Is it correct to state that adequate price competition does not exist in an LPTA situation where discussions are not held because either, (a) the evaluation ends when the lowest priced offeror's proposal is determined to be technically acceptable (no other proposals have been evaluated therefore there is no way to know if the other proposal(s) submitted meet the Government's expressed requirement and have fair and reasonable prices with which to use for price comparison), or, (b) if other than the lowest priced proposal(s) are not technically acceptable and award will be made to the next low technically acceptable offeror (no other technically acceptable proposal has been evaluated and the technically unacceptable proposals cannot be used for price comparison because their offer does not satisfy the Government's expressed requirement).
If in either scenario you agree that adequate price competition does not exist, would it be acceptable, for price analysis purposes only, to look at other proposals (which were not evaluated during source selection) for technical acceptability, strictly for the purpose of determining the LPTA proposed price fair and reasonable, based on adequate price competition? If so, would we need to state that we will be doing this in the solicitation?
To address your specific statement, it is incorrect to state that "adequate price competition does not exist in an LPTA situation where discussions are not held" -- holding discussions are not relevant to the issue of adequate price competition. You can award without discussions and still have adequate price competition -- so let's take discussions out of the analysis.
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I gather from your question that you are concerned, in an LPTA scenario, whether the government can determine adequate price competition citing FAR 15.404-1(b)(2)(i) if they limit the evaluation by not actually evaluating the technical proposals of all offerors, but rather work up from the lowest priced offer and:
1) make a determination if lowest offeror offer is technically acceptable – move to award or
2) if the lowest price is not technically acceptable then move on to the next lowest offeror…
So, is the government required to evaluate all offerors, if they plan on using FAR 15.403-1(c) to establish adequate price competition as the basis to justify fair and reasonable in an LPTA?
The requirement to evaluate every offeror's ability to accomplish the technical requirements only applies when tradeoffs are performed per FAR 15.305(a)(3). I’ll also turn to perhaps the most well respected subject matter experts on legal precedent and case law, Ralph Nash. In his book “Competitive Negotiation” (Cibinic, J., Nash, R. C., & Brien-DeBakey, K. R. (2011). Competitive Negotiation The Source Selection Process (Third ed., pp. 209-212). Riverwood, IL: Wolters Kluwer, CCH Incorporated) in his discussion of LPTA states:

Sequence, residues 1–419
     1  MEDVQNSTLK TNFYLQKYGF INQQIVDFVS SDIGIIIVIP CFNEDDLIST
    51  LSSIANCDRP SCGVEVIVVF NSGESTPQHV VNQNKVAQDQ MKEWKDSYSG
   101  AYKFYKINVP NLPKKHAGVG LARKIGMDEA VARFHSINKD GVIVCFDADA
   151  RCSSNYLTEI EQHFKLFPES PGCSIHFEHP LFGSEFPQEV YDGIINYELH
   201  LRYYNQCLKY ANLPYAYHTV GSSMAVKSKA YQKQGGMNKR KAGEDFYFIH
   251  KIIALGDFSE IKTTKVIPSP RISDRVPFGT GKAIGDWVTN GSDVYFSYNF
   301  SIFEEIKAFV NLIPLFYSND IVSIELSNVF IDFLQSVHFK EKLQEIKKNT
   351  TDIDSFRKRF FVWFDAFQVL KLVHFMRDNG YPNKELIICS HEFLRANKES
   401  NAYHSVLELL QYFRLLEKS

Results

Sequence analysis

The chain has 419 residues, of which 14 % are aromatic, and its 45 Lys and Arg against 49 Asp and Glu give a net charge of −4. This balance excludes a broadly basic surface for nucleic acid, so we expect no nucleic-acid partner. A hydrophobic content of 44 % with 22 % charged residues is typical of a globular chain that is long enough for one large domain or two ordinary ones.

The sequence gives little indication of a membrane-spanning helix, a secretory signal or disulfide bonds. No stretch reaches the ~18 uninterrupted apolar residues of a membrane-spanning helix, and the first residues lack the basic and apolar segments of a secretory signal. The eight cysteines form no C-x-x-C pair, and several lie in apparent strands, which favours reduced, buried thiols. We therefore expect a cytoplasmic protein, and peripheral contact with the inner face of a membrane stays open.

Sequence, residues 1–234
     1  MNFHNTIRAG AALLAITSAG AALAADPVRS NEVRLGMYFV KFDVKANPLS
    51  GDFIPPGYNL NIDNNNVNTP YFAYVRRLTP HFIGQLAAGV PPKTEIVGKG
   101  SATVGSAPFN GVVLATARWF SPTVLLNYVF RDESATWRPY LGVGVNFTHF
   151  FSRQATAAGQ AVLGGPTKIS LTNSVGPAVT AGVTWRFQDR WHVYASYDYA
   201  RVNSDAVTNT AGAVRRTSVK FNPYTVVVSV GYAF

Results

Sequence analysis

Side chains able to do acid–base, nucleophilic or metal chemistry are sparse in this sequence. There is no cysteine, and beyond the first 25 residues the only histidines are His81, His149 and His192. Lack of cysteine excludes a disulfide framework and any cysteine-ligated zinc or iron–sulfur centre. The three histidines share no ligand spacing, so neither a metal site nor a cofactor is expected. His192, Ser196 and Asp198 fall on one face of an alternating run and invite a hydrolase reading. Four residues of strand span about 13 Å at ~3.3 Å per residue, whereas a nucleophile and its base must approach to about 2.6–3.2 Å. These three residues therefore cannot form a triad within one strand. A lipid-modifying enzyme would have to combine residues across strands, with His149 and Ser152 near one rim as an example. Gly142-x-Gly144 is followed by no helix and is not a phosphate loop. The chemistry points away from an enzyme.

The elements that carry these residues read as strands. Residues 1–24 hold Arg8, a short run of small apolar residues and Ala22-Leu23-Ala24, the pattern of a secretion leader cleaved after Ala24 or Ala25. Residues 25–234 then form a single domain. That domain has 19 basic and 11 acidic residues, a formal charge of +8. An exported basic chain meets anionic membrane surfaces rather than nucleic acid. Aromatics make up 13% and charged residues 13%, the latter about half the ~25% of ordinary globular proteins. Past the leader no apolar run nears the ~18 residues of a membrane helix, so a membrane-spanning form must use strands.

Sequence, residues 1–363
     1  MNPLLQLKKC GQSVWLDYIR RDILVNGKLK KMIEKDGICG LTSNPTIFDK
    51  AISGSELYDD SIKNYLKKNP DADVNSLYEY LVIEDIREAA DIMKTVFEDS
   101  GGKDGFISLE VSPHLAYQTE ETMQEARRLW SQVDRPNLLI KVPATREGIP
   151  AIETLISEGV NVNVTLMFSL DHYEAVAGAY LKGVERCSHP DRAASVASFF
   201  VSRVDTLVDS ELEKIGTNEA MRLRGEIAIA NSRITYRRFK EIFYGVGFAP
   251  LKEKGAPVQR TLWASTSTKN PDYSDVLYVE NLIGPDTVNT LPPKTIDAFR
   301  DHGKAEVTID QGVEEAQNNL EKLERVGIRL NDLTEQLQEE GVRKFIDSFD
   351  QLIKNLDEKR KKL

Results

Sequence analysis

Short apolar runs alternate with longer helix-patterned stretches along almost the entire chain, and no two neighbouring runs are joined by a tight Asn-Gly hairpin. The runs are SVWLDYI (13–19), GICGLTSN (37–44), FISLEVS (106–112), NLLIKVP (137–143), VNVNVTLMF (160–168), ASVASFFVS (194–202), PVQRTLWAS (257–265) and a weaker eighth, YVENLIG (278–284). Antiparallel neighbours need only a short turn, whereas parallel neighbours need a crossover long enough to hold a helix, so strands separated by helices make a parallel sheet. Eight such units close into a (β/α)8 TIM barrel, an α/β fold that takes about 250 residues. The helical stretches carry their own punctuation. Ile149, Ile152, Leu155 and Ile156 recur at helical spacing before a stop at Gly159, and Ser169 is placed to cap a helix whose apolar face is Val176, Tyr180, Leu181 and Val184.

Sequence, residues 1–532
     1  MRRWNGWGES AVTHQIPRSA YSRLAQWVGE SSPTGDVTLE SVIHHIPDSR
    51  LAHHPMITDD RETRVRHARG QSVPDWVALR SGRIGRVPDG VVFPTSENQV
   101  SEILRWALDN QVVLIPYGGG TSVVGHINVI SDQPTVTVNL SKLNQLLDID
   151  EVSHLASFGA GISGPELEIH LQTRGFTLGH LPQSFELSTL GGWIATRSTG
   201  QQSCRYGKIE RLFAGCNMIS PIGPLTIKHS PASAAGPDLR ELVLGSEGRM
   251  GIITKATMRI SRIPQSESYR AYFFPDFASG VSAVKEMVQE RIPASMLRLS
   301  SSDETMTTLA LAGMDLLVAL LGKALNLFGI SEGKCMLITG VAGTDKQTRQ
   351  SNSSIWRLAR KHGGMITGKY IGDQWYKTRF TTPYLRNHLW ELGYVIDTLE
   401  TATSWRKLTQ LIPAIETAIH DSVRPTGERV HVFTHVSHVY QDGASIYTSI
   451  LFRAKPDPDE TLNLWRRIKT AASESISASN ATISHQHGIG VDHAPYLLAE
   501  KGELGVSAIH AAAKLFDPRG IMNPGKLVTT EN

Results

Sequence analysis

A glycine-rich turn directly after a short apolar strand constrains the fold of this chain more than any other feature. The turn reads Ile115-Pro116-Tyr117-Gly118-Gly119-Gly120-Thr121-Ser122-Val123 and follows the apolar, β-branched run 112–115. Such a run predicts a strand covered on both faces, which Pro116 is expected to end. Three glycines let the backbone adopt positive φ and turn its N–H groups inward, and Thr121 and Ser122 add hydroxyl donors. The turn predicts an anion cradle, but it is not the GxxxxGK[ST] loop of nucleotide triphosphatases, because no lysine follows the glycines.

“One major benefit of this strategy is that agency can greatly shorten the evaluation process because, once the low price proposal has been found to be technically acceptable, there is no need to evaluate the acceptability of any of the other proposals. This streamlined process can be used as long as the agency has used the Instructions to Offerors – Competitive Acquisition solicitation provision in FAR 52.215-1 which states in ¶ (f)(4) that the agency intends to award without discussions.”
So according to FAR and Nash, there is no need to evaluate all the proposals as this would defeat the potential benefit of LPTA, but neither the FAR nor Nash explicitly state that this alone is adequate for supporting a fair and reasonable determination using FAR 15.403-1(c)(1).
Your concerns correctly hinge on how do you know if the government actually got more than one proposal that can " satisfy the Government's expressed requirement" if we only look at the lowest priced one – is this an adequate basis for a determination of fair and reasonable under FAR 15.403-1(c)(1) . Here is the language from the FAR that is in question:
FAR 15.404-1(b)(2) The Government may use various price analysis techniques and procedures to ensure a fair and reasonable price. Examples of such techniques include, but are not limited to the following:
(i) Comparison of proposed prices received in response to the solicitation. Normally, adequate price competition establishes a fair and reasonable price (see 15.403-1(c)(1)(i)).
FAR 15.403-1(c)(1) states "A price is based on adequate price competition if --
(i) Two or more responsible offerors, competing independently, submit priced offers that satisfy the Government’s expressed requirement and if --
(A) Award will be made to the offeror whose proposal represents the best value (see 2.101) where price is a substantial factor in source selection; and
(B) There is no finding that the price of the otherwise successful offeror is unreasonable. Any finding that the price is unreasonable must be supported by a statement of the facts and approved at a level above the contracting officer;
The determination of fair and reasonable is a separate question from do we have to evaluate all proposals received. The prudent Contracting Officer must be able to support the determination of fair and reasonable in a manner to which they are willing to put their signature. There is a large degree of discretion for the Contracting Officer in this area, so what in their judgment meets the standard?
I believe you have several options, not least of which are doing any of the 7 options presented in FAR 15.404-1(b)(2). I would start with:
1. Compare the price with the independent Government cost estimate, as allowed in FAR 15.404-1(b)(2)(v) – supposing you have a worthy IGCE.
2. Review one additional proposal and if it satisfies the “ Government’s express requirements” then you have met the standard of “two or more” FAR 15.403-1(c)(1).